Boundy entered Northeastern Law School in 1973 to explore the connection between law and education. While there, she worked for the Children's Defense Fund, an experience that convinced her that the law could be used to address some of the injustices of the public education system. During Thanksgiving break one year, she went down to Mississippi to interview potential plaintiffs for Mattie T. vs. Holladay, one of the first major cases to address the education of the handicapped. Escorted by a local social worker, she trudged in mud--sometimes ankle-deep--from shack to shack, talking to students who were excluded from school. "It rocked me, what I saw," she remembers. "I had thought I'd been around; I thought I'd seen poverty." The children she met with were disabled, and they were either not going to school at all, or they were getting a totally inadequate education, housed in what other kids called "the crazy trailers."

"There was a sense that the family had no rights if a child was disabled," she says. "They didn't feel entitled to anything; they were just grateful that they were allowed in the door."

In fact, a number of laws do give students with disabilities clear rights. Mattie T., which was settled out of court in 1979, was one of the first cases to use the Individuals with Disabilities Education Act of 1975. That federal law, in conjunction with Section 504 of the Rehabilitation Act and various state laws, mandates free and appropriate public education in the least restrictive environment for every disabled student.

These are some of the laws Kathleen Boundy relied on when she was first hired as a staff attorney at the CLE in 1977 and still relies on today when fighting for students in court.

The CLE's Washington, D.C., office is located away from the city's K Street "lawyers' corridor." The white marble and glass building that houses the office is on Connecticut Avenue, just north of Dupont Circle, an upscale neighborhood of boutiques, restaurants, and art galleries that also is home to many nonprofit, public-interest organizations.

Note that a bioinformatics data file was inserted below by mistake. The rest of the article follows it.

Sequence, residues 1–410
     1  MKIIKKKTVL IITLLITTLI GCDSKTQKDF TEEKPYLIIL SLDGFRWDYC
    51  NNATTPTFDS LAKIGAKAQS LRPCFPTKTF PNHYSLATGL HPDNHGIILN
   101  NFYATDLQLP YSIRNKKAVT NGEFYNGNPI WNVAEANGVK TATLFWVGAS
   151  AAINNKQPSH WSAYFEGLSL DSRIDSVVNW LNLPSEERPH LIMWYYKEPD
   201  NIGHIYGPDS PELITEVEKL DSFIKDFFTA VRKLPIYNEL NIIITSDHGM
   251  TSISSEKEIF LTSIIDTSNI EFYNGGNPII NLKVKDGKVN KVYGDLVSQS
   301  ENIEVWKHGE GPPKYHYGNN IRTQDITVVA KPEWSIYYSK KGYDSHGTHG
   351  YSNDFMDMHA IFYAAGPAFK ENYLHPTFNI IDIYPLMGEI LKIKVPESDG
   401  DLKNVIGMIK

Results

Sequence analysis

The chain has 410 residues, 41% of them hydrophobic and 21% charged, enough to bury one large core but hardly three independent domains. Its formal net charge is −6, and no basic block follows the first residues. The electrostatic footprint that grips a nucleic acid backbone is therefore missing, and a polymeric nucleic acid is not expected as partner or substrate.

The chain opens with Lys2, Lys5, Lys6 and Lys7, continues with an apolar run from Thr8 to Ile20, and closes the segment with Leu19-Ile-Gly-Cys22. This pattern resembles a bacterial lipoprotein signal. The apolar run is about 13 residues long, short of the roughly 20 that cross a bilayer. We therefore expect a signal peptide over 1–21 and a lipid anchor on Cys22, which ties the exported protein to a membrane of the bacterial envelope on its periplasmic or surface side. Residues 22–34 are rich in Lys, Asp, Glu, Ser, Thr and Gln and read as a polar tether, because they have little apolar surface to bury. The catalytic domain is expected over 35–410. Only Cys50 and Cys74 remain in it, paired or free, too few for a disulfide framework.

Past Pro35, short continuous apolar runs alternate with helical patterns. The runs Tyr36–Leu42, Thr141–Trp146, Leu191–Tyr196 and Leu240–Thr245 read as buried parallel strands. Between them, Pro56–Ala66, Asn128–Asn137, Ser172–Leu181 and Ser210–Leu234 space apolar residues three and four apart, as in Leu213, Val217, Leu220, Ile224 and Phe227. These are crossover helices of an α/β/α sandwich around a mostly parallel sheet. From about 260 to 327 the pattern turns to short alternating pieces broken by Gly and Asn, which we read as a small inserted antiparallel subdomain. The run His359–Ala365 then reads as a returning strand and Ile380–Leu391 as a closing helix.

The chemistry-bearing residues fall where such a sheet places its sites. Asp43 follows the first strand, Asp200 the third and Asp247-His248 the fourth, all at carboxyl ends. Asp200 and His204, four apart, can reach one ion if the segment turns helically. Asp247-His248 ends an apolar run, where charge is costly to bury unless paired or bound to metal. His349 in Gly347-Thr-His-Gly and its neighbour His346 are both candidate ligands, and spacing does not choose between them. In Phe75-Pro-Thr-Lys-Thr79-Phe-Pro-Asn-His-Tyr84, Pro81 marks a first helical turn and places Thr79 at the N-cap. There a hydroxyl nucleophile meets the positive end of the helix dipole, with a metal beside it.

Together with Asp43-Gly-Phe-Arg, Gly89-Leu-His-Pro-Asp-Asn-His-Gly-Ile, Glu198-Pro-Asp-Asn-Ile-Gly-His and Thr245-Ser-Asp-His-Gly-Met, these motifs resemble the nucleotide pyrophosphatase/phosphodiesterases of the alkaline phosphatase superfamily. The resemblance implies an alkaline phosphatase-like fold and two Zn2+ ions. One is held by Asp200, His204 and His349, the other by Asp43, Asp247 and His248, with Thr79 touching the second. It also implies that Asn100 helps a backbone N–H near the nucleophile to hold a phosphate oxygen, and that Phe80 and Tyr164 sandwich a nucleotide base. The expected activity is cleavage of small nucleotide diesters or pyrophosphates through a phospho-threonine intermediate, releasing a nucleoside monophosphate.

The office is slick, carpeted in a muted blue-gray. On Paul Weckstein's desk and on the windowsill behind it are tidy stacks of paper. Silhouetted, they look like the Washington skyline outside.

If appearances were any indication, Weckstein, 44, would fit right in on K Street. His black hair, neatly cut, has a slight peppering of gray. Dressed in a dark suit, he speaks methodically, his blue eyes steady, as he describes how he ended up at the center.

Like Boundy, Weckstein knew from his first day at Harvard Law School that he wanted to use the law as a tool for social justice. But he left the program after a year because he wasn't sure what he could accomplish with a law degree. "I felt like I needed to take stock and find a specific direction," he says.

A two-year stint working at a mental hospital pushed him toward psychology. Then, he happened upon some material from the Harvard Graduate School of Education that got him thinking about what it would be like to combine law and education.

While Boundy was drawn to education law from her experience as a teacher, Weckstein was pulled by its theoretical appeal. He liked that public education was the guaranteed right of every child and not a system only for the poor, like public housing and welfare. And it seemed to him that the legal issues in education were not far removed from policy issues. "The questions in the law are very much the same questions that people involved in education outside the law would face," he says.

In 1973, he went back to Harvard, this time in a joint degree program with the schools of education and law. Hungry for field experience, he got a summer internship at the Center for Law and Education. He found that the work was both satisfying and important. After graduation and a two-year stint at the Massachusetts Department of Education, Weckstein made his way back to the CLE in 1978, a year after Boundy started there.

First established as a think tank affiliated with Harvard University, the CLE is part of a national network of defenders of the poor and powerless. Funded by the federal government as a support service for the thousands of legal-service agencies across the country, the center helps lawyers apply case law to local education problems.

Legal-service agencies provide the disadvantaged with free legal assistance. Most low-income "clients" approach the agencies seeking advice on housing, divorce, or Medicare or Medicaid matters. Many are parents who don't realize that their children have specific educational rights.

CLE lawyers keep track of students' rights by monitoring federal and state case law, and they stand ready to assist local lawyers who need help in this area. It is with this work that the CLE most directly carries on Justice Marshall's legacy. Typically, a parent will approach a legal-service agency with a school-related problem; a school may have expelled an emotionally disturbed student, for example, or cut bus service, leaving students living in rural areas with no way to get to class. The local lawyer, unfamiliar with education case law on the matter, calls a lawyer at the center, who discusses the case on the phone, gives advice and a written analysis of the legal issues, identifies expert witnesses or data, and sends copies of relevant pleadings, articles, and reports.